When Science Meets HIV Prevention, Pleasure Cannot Be Left Behind
July 22, 2014
In a nearly packed auditorium at the 20th International AIDS Conference (AIDS 2014), a group of panelists led by author and activist Sean Strub addressed the changing HIV prevention landscape -- a landscape that now includes condoms, PrEP (pre-exposure prophylaxis), PEP (post-exposure prophylaxis), serosorting and seropositioning, and that will likely include microbicides and other interventions in the near future.
Strub opened the session by pointing out that sexual risk analysis includes both the rational -- scientific data that show that condoms and other prevention options greatly reduce the risk of HIV transmission -- and the irrational, which includes two big components: desire and pleasure. He noted that the factors that go into that risk analysis, the equation that produces the eventual sexual encounter, are constantly changing due to advances in the sensitivity of condoms, biomedical prevention, treatment as prevention, PrEP, PEP and microbicides.
Udi Davidovich, a researcher and lecturer at the University of Amsterdam whose work focuses on the social determinants of HIV and sexually transmitted infection risk behavior, added that behavioral science, though involved with the HIV epidemic since the very beginning, has done a very poor job of incorporating questions around pleasure into research. According to Davidovich, the fact that condoms are as widely used by gay men as they are (most estimates put the number at 60%-70% consistent condom use among gay-identified men) is miraculous given that prior to the onset of the HIV epidemic, condom use was at about 20%.
Right now, Davidovich asserted, behavioral science should be addressing the 30%-40% of gay men who do not practice consistent condom use. Greeted by cheers and claps from the crowd, Davidovich went on to point out that society has made the most natural kind of sex -- condomless sex -- "problematic sex" and that we have dedicated thousands of research dollars to find out why people are engaging in what may be the most natural kind of sex available to people. Behavioral science, he implied, should focus on helping people find a way to have sex that is most natural. For about 12% of men who have sex with men (MSM), condom use results in a loss of erection and an inability to finish penetrative sex. With the current and pending landscape of alternatives, Davidovich called the element of pleasure "very important, because we've ignored it through the years."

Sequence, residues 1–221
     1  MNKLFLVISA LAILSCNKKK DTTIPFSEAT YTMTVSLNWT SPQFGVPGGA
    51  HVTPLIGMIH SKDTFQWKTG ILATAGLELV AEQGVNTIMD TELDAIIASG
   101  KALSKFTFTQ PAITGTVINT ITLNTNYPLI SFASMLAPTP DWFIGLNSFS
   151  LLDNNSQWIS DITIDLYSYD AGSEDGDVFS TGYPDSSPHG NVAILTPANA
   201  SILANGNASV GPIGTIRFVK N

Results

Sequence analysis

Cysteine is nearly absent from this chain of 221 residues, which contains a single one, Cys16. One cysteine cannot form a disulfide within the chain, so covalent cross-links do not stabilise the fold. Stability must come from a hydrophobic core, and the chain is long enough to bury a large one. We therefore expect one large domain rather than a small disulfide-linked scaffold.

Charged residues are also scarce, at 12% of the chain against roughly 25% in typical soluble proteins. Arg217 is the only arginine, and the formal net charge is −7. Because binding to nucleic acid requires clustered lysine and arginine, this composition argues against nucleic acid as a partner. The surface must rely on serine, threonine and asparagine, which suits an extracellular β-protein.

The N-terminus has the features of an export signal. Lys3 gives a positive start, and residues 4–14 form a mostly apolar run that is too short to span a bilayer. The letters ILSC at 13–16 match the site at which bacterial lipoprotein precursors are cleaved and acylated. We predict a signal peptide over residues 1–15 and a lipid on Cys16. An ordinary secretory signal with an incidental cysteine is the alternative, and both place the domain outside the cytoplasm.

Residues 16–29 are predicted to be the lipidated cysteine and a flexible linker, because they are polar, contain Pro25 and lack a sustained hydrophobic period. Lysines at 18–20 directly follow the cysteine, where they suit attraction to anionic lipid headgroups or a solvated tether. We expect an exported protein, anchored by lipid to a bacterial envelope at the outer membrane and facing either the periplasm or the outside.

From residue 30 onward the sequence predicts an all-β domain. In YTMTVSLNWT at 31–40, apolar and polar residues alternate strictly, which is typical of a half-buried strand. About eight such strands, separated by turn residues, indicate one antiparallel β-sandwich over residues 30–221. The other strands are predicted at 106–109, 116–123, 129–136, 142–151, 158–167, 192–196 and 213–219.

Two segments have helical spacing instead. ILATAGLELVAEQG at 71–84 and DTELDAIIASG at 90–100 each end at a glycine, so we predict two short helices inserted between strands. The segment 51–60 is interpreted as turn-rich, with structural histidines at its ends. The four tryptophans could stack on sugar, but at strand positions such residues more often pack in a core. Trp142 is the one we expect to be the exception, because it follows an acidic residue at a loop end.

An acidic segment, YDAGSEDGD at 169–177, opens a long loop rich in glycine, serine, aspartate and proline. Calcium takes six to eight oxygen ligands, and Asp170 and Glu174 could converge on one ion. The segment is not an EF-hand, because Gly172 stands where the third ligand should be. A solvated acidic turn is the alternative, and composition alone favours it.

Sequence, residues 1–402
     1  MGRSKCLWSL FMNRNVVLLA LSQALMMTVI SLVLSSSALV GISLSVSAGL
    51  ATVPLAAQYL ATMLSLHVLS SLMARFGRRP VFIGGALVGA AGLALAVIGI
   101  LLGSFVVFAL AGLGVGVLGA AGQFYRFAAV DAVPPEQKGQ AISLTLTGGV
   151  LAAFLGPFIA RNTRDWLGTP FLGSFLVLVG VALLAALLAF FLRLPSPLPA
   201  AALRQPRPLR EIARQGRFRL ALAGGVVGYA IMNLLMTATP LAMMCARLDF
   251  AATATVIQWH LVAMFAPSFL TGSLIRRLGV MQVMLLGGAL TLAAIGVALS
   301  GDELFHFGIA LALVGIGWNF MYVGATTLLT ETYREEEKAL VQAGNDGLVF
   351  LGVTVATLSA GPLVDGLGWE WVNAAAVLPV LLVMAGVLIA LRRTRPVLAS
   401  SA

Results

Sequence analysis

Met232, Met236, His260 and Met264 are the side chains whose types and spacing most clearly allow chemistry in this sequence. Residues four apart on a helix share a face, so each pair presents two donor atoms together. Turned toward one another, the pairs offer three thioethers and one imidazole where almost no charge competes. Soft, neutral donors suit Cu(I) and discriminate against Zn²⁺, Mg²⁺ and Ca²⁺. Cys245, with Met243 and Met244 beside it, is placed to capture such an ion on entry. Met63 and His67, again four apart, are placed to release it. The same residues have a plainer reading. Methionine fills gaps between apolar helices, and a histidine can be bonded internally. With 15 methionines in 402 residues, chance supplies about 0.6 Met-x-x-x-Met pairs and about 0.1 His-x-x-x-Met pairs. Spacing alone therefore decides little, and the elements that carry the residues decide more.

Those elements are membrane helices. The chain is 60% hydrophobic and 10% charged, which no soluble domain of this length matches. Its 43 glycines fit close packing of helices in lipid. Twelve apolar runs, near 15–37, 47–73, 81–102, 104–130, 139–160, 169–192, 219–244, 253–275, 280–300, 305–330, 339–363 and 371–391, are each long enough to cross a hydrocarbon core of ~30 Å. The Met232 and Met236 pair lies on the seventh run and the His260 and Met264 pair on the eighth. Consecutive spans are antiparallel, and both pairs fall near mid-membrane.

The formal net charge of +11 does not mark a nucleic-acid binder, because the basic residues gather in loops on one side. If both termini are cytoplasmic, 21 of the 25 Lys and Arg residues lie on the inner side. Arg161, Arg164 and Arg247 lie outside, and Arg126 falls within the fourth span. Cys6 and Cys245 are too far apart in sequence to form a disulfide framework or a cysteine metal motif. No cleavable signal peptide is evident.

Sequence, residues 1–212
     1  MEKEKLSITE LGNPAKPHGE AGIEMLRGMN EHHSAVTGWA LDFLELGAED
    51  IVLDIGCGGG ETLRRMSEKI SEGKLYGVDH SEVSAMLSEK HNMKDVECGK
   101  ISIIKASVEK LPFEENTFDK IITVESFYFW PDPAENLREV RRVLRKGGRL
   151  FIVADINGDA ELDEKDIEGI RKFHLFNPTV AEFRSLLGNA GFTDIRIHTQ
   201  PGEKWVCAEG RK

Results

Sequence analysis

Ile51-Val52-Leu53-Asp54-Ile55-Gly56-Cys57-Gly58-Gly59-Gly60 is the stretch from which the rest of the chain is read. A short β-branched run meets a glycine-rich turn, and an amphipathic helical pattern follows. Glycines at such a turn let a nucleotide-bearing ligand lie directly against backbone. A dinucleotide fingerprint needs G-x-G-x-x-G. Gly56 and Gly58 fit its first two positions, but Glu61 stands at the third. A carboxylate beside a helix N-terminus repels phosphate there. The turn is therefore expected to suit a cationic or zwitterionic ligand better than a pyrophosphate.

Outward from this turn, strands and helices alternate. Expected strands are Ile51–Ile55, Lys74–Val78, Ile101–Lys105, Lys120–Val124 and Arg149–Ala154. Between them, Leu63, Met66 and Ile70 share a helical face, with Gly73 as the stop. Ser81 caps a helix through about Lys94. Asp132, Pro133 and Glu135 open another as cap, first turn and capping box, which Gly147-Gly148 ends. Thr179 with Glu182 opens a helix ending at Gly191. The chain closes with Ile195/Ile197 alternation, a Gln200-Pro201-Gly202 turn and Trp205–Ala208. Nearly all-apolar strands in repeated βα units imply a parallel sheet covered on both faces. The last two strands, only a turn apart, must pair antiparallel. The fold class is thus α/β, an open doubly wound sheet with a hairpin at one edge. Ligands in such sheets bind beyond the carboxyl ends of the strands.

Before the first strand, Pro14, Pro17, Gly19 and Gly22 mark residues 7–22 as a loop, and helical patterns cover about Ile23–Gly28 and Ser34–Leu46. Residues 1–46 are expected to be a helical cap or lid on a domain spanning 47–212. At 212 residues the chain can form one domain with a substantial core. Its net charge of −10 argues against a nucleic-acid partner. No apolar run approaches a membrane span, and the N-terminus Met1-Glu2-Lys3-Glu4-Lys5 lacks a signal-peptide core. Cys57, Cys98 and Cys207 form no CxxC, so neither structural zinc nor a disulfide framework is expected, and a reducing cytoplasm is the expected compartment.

Garrett Prestage, an Australian sociologist, spoke about the interpretations that researchers favor when answering questions around why gay men don't use condoms. Many are quick to point to things like trauma and low self-esteem, while many discard the realities of desire and sexual pleasure. Prestage shared that, from his own research, it is clear that it is often well-educated men who understand the consequences of sexual risk that are willing to take that risk in order to feel more pleasure. "When faced with the opportunity to have a good time, [gay men] would rather go ahead and have a good time than live in morbid fear of sex," he said.
Addressing the many concerns around and critics of PrEP, Prestage pointed out that we cannot abandon PrEP as an HIV prevention strategy, just as we haven't abandoned condoms because of potential problems with the strategy. In fact, he said, any failure of a certain intervention "says more about health and education services than gay men's capacity to use them." He reserved his harshest critiques for those who use thinly veiled moralism to demonize those who are using PrEP, especially since those who use PrEP are engaging in an option that best suits their desire to have pleasurable sex and stay HIV negative. Prestage called such moralism "anti-science, anti-sex and anti-gay" and warned against social researchers who have failed to look at PrEP as a liberational tool for gay men who have lived in fear of sex and have instead have seized on the fear of the biomedicalization of HIV prevention.